Under Pressure, Ohio Abandons Suppressive Voting Hours and GOP Favoritism; Pennsylvania Stays on Democracy-Crushing Course
As pressure mounted to end a perceived voter suppression campaign, Ohio Secretary of State John Husted announced Wednesday that all counties in the Buckeye State will abide by uniform early voting hours.
Originally, counties were making their own hours via four-person election boards with Husted acting as the tie-breaking vote. Not surprisingly, by the new standards of electioneering many highly Republican counties were going to be staying open later than Democrat-leaning areas. This gave an unfair advantage to Republican candidates as working Democrats would have less opportunity to vote with polls closing at 5PM. To Husted’s credit, he eventually came to his senses after originally participating in the suppression effort.
The Republican directed Ohio’s 88 county boards of election to adhere to these hours of operation during the 35-day early voting period: Monday through Friday, 8 a.m. to 5 p.m. for the first three weeks, and 8 a.m. to 7 p.m. for the final two weeks.
But there will be no weekend voting when early voting begins on Oct. 2, Husted said.
“The bottom line is the antagonists have made an issue about the fact that voters aren’t being treated fairly, that they aren’t being treated the same,” Husted said during a hastily called news conference at his office. “Today we’re treating voters everywhere the same.”
Wednesday, before the decision, the New York Times editorial board called the non-uniform plan “sleazy” and drew added attention to Husted’s indiscretions:
The sleazy politics behind the disparity is obvious. Hamilton County, which contains Cincinnati, is largely Democratic and voted solidly for Barack Obama in 2008. So did the other urban areas of Cleveland, Columbus and Akron, where Republicans, with the assistance of the Ohio secretary of state, Jon Husted, have already eliminated the extended hours for early voting.
County election boards in Ohio, a closely contested swing state, are evenly divided between Democrats and Republicans. In counties likely to vote for President Obama, Republicans have voted against the extended hours, and Mr. Husted has broken the tie in their favor. (He said the counties couldn’t afford the long hours.) In counties likely to vote for Mitt Romney, Republicans have not objected to the extended hours.
A national agenda of voter suppression ushered in by the 2010 Tea Party takeover of the House of Representatives is perhaps best described by the NYT:
In Ohio, as in other states, the Republican Party is establishing a reputation for putting short-term political gain ahead of the most fundamental democratic rights.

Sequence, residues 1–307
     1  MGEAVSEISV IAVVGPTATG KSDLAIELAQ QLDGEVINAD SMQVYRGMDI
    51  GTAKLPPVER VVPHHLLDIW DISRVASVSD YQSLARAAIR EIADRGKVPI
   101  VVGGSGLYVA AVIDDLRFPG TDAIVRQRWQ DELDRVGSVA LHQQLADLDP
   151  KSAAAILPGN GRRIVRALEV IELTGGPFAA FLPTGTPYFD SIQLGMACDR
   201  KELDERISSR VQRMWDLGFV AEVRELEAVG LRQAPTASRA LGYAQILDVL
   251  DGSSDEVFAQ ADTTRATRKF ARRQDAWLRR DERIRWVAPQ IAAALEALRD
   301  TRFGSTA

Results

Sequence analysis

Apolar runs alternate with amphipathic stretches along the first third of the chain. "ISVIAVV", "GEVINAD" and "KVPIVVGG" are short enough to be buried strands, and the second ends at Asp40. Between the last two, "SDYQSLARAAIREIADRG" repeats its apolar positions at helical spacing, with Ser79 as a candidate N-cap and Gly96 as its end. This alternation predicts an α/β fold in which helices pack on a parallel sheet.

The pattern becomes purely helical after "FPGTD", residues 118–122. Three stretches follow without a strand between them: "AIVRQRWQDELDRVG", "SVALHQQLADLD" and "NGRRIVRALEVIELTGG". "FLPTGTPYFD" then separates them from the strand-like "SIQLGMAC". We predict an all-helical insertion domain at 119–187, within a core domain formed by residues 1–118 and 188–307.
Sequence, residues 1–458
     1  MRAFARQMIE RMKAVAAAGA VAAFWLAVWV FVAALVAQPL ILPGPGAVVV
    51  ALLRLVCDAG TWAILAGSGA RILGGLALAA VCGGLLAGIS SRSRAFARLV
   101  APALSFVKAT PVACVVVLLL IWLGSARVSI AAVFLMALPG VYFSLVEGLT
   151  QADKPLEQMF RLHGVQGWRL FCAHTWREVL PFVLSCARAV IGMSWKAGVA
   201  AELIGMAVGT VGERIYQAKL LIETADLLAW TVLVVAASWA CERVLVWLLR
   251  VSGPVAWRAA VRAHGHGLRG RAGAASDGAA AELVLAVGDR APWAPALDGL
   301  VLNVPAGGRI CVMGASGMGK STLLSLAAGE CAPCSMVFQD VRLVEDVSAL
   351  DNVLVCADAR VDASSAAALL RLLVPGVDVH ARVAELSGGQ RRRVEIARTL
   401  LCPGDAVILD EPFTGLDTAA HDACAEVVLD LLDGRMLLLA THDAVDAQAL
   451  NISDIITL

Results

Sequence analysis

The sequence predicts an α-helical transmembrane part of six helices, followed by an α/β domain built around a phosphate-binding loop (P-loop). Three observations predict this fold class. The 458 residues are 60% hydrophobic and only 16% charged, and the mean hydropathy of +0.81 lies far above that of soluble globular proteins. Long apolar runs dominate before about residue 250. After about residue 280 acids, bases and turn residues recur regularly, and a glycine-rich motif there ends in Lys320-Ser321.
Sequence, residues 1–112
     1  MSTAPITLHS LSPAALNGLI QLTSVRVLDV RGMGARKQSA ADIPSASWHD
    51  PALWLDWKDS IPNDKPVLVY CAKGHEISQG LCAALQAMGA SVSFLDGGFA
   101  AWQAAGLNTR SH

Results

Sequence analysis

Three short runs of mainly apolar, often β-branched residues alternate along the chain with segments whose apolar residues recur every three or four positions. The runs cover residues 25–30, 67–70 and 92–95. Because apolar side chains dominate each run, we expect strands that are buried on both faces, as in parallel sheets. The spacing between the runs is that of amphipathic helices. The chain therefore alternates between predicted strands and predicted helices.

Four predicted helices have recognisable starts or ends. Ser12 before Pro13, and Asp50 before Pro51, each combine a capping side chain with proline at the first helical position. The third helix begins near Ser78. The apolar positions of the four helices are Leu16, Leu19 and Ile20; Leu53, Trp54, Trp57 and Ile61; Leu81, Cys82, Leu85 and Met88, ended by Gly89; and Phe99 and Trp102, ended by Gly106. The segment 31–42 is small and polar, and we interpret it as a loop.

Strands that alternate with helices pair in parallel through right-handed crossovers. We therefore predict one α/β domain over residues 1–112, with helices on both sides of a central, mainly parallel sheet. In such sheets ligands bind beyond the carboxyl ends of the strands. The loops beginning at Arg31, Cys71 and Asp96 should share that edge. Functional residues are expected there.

Critics of Ohio’s new rules remain dissatisfied because weekend hours have been eliminated, something understood to adversely affect the working class. However, other positive steps have been taken, including mailing out absentee ballots and starting early voting 35 days before election day.
Husted noted that this year for the first time Ohio is mailing out absentee ballot applications to all 6.8 million registered Ohio voters, which increases access to voting by mail. And while critics may not like the hours he has set, Husted said there will be 35 full days before the Nov. 6 election when people can find time to vote early if they choose.
Under a new Ohio law, early voting ends on Friday, Nov. 2 at 6 p.m. That law is being challenged by President Barack Obama’s campaign, which has sued in federal court to try to force Ohio to re-open the final three days of voting before Election Day — a crucial voting period for Democrats in 2008, especially in Cuyahoga County.
Across the border in Pennsylvania, news was not as good for democracy. A judge ruled that the Commonwealth’s Voter ID law was constitutional. This stroke of partisan foolishness came despite the fact that not a single case of voter fraud — the cause célèbre of voter suppression enthusiasts — has been reported in the state.
In a 70-page order, Judge Robert E. Simpson, a Republican, said opponents failed to show “that disenfranchisement was immediate or inevitable.” Simpson did not rule on the full merits of the case, only on whether or not to grant a temporary injunction.
Civil rights advocates say the law, which could affect as many as 750,000 registered voters who don’t have the required ID, will disproportionately keep poor, elderly, minority and student voters away from the polls.
A key part of the finding was that Simpson refused to believe the number of affected voters and called the method of obtaining the figure unreliable:
Judge Robert Simpson couldn’t have been clearer on what he thought of Baretto’s study and his testimony:
“Parts of this testimony were believable. For the most part, however, his opinions were not credible or were given only little weight. There were numerous reasons for this, including demeanor, bias (see Pet’rs’ Ex.16), and a lack of knowledge of Pennsylvania case law regarding name conformity. In addition, I had doubts about his survey design: name conformity inquiry; oversampling; post-stratification weighting, especially with regard to age and gender; and overarching design for “eligible” voters, as opposed to “registered” voters. Also, I had doubts about the survey execution: response rate; and timing (June 21 through July 2, 2012).”
Returning Pennsylvania to Jim Crow era manipulation will take more than one judge’s ignorance, though. The appeal process will now take the case to the Pennsylvania Supreme Court.